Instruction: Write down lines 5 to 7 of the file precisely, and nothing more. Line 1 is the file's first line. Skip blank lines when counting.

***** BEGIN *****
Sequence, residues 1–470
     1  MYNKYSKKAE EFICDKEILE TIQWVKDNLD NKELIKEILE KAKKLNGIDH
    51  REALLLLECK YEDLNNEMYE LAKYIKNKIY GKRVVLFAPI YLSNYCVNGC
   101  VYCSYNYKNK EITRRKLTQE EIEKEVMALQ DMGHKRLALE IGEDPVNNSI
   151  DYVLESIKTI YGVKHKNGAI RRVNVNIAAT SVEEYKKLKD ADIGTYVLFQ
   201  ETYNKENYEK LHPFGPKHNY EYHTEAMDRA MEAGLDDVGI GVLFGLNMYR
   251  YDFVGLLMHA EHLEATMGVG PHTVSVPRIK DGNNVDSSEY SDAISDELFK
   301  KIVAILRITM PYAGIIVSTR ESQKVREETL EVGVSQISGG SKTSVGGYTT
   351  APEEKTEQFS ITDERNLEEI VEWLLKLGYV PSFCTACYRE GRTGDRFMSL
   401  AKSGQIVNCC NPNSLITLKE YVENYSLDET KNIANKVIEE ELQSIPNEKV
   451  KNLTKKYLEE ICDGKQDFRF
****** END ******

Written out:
   151  DYVLESIKTI YGVKHKNGAI RRVNVNIAAT SVEEYKKLKD ADIGTYVLFQ
   201  ETYNKENYEK LHPFGPKHNY EYHTEAMDRA MEAGLDDVGI GVLFGLNMYR
   251  YDFVGLLMHA EHLEATMGVG PHTVSVPRIK DGNNVDSSEY SDAISDELFK